# Iteration Structures

The eternal question: "Where is my next instruction?" Think of code as a stream. The sequential structure flows smoothly down. The decision structure might branch the stream, or skip further downstream. The iteration structure, uniquely, has the potential to flow upstream.

An iteration structure, or loop, is used when you want a block of code to run more than once. For instance, let's say we want the ball from the previous examples to bounce up and down exactly ten times.

The basic looping structure is the while statement.

### While Statements

The syntax for the while statement is this:

```while (condition)   statements; endwhile```

Before executing the while statement, the condition will be tested. If the condition is false, the while statement will never execute, and the program will skip to the line after the while statement -- just like a one-branch if statement.

If the condition is true, the statements inside are executed. After the last statement, the condition is checked again. If it is false, the next statement is after the while statement. If it is still true, the statements inside all execute again.

Important: The statements inside the while loop must, somewhere, do something that will potentially change the condition. If your while statement does nothing that will ever change the condition, it will execute forever -- an infinite loop.

Note: Many times, statements must be placed above the while loop that initialize or "prime" the loop, especially counter loops. Our example below is a counter loop.

With all of the above information in mind, we can write our while loop. By now, you should know how to define a "bounce this none none" verb and program it.

```n = 0; while (n < 10)   player.location:announce_all("The ball bounces up and down.");   n = n + 1; endwhile```

Note that we must prime the loop by creating a new integer variable called "n" and setting it to zero. Thus when the loop begins, we know that "n < 10" is true and that the loop will execute at least once. Our loop simply sends a message to everyone at the player's location, then increments n. We then return to the condition and check again -- it will still be true until n equals 10. At that time we will exit the loop and execute the statement following it -- or exit the verb, in this case, since there are no statements following it.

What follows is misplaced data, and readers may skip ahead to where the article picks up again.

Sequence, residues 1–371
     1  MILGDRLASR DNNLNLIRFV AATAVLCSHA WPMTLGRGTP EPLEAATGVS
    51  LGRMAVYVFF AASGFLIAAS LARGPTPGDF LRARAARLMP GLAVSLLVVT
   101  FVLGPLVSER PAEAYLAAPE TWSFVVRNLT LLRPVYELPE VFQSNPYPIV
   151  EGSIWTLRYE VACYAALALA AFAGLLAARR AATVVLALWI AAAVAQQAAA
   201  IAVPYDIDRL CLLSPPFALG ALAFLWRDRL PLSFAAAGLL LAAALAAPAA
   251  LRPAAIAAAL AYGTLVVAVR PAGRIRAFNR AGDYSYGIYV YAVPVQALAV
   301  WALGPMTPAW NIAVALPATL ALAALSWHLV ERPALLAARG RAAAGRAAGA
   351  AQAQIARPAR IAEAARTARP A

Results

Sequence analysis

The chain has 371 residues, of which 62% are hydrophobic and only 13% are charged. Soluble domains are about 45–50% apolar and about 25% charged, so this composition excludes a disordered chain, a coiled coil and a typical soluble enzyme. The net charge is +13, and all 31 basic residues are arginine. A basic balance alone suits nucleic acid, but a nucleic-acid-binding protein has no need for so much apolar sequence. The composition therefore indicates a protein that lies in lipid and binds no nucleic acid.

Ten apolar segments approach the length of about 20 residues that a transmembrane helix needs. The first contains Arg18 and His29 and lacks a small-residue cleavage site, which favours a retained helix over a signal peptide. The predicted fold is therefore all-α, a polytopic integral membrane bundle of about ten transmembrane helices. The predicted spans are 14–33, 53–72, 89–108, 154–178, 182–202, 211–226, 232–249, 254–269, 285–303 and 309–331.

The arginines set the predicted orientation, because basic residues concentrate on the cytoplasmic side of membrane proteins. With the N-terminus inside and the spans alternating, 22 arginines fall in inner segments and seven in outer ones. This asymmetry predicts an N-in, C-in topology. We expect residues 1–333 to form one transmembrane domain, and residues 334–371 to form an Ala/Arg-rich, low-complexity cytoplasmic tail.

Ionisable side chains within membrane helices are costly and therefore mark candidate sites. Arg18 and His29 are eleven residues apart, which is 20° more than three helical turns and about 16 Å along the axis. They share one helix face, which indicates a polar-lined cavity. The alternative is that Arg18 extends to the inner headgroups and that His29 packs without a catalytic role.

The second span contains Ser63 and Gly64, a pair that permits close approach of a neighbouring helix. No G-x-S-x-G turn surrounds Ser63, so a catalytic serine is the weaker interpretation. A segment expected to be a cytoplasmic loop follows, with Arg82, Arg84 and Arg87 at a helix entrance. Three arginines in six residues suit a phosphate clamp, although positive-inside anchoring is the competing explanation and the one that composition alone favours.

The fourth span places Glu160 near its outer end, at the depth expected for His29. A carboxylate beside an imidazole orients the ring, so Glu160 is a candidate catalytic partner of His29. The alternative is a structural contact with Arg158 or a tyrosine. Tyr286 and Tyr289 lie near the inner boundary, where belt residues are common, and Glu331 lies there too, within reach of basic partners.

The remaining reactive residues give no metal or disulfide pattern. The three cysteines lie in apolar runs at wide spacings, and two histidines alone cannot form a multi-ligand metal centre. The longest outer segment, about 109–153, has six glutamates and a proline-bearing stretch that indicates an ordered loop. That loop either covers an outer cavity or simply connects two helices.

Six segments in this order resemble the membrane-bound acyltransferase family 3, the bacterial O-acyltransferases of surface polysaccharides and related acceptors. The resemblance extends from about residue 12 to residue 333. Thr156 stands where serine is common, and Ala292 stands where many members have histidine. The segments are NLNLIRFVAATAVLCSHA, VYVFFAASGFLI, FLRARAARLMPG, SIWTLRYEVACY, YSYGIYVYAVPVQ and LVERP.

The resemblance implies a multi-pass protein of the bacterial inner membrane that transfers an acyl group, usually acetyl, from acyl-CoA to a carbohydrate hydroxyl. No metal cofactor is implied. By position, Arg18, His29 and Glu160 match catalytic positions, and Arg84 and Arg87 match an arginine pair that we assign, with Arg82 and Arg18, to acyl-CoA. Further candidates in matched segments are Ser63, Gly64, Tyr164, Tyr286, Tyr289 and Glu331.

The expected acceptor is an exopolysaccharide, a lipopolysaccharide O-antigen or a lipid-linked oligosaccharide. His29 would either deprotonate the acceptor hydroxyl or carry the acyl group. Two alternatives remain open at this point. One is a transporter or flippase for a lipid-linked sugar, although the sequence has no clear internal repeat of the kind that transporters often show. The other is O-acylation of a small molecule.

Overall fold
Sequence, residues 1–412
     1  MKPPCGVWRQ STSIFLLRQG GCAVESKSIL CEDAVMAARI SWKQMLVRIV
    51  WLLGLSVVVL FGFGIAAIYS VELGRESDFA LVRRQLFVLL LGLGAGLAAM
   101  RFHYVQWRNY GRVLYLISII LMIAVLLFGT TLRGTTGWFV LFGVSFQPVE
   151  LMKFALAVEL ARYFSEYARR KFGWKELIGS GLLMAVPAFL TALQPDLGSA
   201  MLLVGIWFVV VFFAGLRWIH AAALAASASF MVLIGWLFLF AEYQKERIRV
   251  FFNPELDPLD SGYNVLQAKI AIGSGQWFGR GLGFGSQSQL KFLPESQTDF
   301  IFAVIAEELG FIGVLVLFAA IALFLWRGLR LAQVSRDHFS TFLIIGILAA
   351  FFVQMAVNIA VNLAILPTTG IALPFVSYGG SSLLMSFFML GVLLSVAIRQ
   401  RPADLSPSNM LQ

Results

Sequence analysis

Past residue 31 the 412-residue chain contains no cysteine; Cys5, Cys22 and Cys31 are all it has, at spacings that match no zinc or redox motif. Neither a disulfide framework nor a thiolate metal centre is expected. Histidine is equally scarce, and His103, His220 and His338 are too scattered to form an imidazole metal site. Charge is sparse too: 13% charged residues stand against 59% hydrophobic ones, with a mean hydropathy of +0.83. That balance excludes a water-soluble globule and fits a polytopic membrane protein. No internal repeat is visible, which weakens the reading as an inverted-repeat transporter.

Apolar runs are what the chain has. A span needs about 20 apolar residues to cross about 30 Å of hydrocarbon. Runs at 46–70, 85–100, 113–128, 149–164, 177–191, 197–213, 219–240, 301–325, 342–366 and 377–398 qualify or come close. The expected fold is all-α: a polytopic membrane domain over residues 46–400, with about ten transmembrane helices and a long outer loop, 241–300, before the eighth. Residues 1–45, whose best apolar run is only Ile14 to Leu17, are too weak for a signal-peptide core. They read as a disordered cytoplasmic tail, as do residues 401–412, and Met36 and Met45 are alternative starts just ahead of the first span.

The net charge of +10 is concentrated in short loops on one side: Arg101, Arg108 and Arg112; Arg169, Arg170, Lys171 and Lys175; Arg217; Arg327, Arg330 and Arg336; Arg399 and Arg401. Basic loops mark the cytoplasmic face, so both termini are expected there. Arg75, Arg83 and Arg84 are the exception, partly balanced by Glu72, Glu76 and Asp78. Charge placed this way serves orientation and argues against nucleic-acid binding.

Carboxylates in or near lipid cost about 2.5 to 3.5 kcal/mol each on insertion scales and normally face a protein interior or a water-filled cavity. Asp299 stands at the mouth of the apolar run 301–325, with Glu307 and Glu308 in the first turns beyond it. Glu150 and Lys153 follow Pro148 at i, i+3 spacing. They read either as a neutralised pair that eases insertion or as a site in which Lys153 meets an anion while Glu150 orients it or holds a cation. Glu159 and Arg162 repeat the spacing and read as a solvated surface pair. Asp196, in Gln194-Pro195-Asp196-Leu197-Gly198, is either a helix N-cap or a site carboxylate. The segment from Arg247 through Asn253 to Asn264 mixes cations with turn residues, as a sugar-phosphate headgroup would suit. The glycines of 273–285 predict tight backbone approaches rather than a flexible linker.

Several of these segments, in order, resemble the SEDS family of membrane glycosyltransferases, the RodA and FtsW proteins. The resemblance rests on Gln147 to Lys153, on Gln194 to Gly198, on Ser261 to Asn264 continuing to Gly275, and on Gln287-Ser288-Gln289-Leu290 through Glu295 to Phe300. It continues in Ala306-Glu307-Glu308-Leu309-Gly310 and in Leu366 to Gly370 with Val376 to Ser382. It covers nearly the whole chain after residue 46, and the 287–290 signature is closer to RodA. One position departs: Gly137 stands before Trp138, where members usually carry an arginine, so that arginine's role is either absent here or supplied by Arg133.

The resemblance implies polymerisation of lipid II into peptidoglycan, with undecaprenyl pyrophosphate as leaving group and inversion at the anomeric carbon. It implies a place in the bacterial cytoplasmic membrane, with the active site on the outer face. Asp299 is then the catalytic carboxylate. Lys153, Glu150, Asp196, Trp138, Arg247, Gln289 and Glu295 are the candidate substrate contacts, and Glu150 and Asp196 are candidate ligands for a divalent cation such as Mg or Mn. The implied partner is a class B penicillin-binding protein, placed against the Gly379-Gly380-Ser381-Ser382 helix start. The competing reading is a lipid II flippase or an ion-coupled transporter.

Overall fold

Note: It is common practice to put loop maintenance statements, like incrementing counter variables, at the end of the loop.

The while statement is the only loop structure we really need. However, there is another looping structure specifically designed for counting loops and stepping through MOOlists. We'll look at the latter function later; for now, let's redo our counting while loop using a for statement.

### For Statements -- Counting

The syntax for a counting for loop is:

```for variable in [start..end]   statements; endfor```

All variables above must be integers. If end > start, then the loop is guaranteed to execute (end - start) times. If start == end, then the loop will execute exactly once. Otherwise, if end < start, the loop will never execute.

Here's our example redone:

```for n in [1..10]   player.location:announce_all("The ball bounces up and down."); endfor```

Note that the for loop does not have to be primed, nor do we need a loop maintenance statement -- all of this is contained in the structure of the for loop. This eliminates a lot of potential for error.

Also, though it wasn't used in our example, n is available inside the for loop and is incremented at each iteration, and will be available after the for loop as a variable set to end. If you want to see this in action, in a more advanced verb, use the program below:

```for n in [1..10]   player.location:announce_all("The ball bounces up and down for the ", \$string_utils:english_ordinal(n), " time."); endfor```